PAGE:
Predictors of Level of Voice in Adolescent Girls: Ethnicity, Attachment, and Gender Role Socialization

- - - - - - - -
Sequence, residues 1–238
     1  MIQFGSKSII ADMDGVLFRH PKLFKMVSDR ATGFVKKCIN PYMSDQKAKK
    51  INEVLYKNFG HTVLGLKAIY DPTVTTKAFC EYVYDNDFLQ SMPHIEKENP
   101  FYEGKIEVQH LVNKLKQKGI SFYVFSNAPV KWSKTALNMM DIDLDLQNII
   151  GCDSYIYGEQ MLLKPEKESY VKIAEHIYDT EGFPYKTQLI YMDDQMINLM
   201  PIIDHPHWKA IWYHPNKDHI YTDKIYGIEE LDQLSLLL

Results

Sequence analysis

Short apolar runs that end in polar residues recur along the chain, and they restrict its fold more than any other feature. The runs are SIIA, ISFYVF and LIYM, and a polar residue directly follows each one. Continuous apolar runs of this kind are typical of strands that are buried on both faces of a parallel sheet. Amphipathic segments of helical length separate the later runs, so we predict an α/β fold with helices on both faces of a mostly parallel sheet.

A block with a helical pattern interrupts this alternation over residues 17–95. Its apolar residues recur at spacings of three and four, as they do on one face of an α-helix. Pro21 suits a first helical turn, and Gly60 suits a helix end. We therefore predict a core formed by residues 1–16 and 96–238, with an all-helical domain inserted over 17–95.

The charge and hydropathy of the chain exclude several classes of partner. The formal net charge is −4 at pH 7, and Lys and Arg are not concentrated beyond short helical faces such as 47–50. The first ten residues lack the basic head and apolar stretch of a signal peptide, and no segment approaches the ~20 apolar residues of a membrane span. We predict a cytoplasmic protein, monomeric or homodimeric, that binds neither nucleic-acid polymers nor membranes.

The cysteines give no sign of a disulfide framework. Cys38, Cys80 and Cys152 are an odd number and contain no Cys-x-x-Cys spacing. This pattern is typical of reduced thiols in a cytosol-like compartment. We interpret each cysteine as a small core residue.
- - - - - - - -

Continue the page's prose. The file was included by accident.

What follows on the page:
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The current study empirically examined predictors of level of voice (ethnicity, attachment, and gender role socialization) in a diverse sample of 108 14-year-old girls. Structural equation modeling results indicated that parental attachment predicted level of voice with authority figures, and gender role socialization predicted level of voice with authority figures and peers. Both masculinity and femininity were salient for higher levels of voice with authority figures whereas higher scores on masculinity contributed to higher levels of voice with peers. These findings suggest that, contrary to previous theoretical work, femininity itself is not a risk factor for low levels of voice. In addition, African-American girls had higher levels of voice with teachers and classmates than did Caucasian girls, and girls who were in a school with a greater concentration of ethnic minorities had higher levels of voice with peers than did girls at a school with fewer minority students.